"Even so i cant agree with any of these multi billion outsourcing contracts, they seldom deliver value for the tax payer and cost mega bucks to sort out if and when they crash."
Are you sure the existing services are in-sourced? A quick Google search suggests DoD were outsourcing at least as early as 1996.
This is an attempt to rein in spending on outsourcing providers (stares at a number of traditional US outsourcers using largely "legacy" data centres) by using more modern alternatives as other US Government departments have already done.
And while your comments about Trump not wanting to use Amazon, Oracle making public statements suggests they've already lost the cost war versus other providers and are hoping that complaining will allow them to retain their existing arrangements. I'm not sure Trump will be so interested in supporting excessive government spending on Oracle over a cheaper alternative...
I suspect that's he starts his negotiations; so, I'd suggest that AWS has good shot at it. He's being hardest on the most obvious choice so that they come in low.
Under most circumstances I'd say that's a good idea, but I'm not sure its total legal, OPOTUS being the President hence the acronym :P Either way it's certainly not ethical, but neither legalities nor ethics play a role bigly in OPOTUSs super eereeor mined ;)
I think these providers miss the point of the Pentagon. Its Not to provide large monolithic companies with a constant revenue stream. (Well unless your BAE systems, Lockheed martin or Nothrop Grumman, in which case all bets are off).
I think Oracle are just feeling the pressure of not being the only game in the field for Large data storage and processing. I sense an detailed Licence Audit comming up.... I think thats how they usually deal with this sort of thing isnt it?
Logged in to say the same thing - look at the wording of the objections - it's like a spoiled brat complaining that mommy isn't getting them the new thing they have to have to impress their pals.
I'd prefer our government look out for out interests, which have near-zero overlap with Oracle. Not to say that this is the best way to do that, but see above - the entitlement complex presented is just disgusting.
You forgot Boeing, probably the most-subsidized of the MIC in the US. No, make that the most subsidized company of any sort - for the most decades too. They even get an Ex-Im bank to loan foreign customers money to buy their products. Which some subset sometimes pay back someday. We pay the rest.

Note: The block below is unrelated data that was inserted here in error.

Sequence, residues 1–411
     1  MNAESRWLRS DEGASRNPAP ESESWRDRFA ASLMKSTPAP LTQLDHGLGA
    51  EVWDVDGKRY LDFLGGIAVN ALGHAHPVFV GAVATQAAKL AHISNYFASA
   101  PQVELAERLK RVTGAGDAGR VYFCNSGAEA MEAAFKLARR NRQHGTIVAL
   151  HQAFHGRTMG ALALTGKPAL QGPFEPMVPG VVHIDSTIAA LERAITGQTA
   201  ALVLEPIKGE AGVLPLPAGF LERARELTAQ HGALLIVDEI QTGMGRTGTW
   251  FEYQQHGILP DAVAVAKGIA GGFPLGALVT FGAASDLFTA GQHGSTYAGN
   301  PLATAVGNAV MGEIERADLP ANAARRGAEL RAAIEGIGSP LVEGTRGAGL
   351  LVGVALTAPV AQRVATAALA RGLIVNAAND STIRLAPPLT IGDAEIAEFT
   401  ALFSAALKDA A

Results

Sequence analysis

Personally, I hope IBM gets the contract because of their solid history in conventional data-centers & the requisite security associated with many of them. This gives them credibility when they present their "private cloud" offering to the DoD imho. But who knows? Anyway, it would be a huge shot in the arm for Big-Blue in the cloud space as AWS, Google & Microsoft has that segment on lock-down so far.
Oracle... the worst vendor in the world from an InfoSec prospective, and yet they want to provide their 2 cents worth. BTW Oracle, this decision makes fantastic sense.
- This is a private cloud system. So you want to manage it differently.
- Looking for one vender only, DOES spur competition. The best deal wins. Taxpayers like this.
- Choosing multiple vendors allows them to increase prices incrementally together. The costs will mainly be fixed, and the format will be such that, at the end of the contract, the DoD isn't subject to vendor lock in.
- One vendor means simplicity. Don't have to send personnel to a variety of vendor training courses. Again, great for the tax payer.
- One solution makes it much easier for patching and maintenance.
- One solution makes it easier to secure. MUCH easier to secure.
There is more, but you get the point.
Oracle is obviously isn't looking out for the tax payer or the security of DoD cloud data. It's only out for its own bottom line.
Oracle, get your security together before you start telling others how silly their ideas and solutions are.
Looking for one vender only, DOES spur competition. The best deal wins
But only for the initial purchase. Once signed, the vendor is more than able to screw the customer with either price increases, huge lags in price decreases or just s**t service.
As for a ten year contract: That's crazy. I'm reluctant to sign five year contracts, let alone a ten year contract. That's a guarantee of getting shafted by the supplier (Unless, of course, brown paper bags, etc...)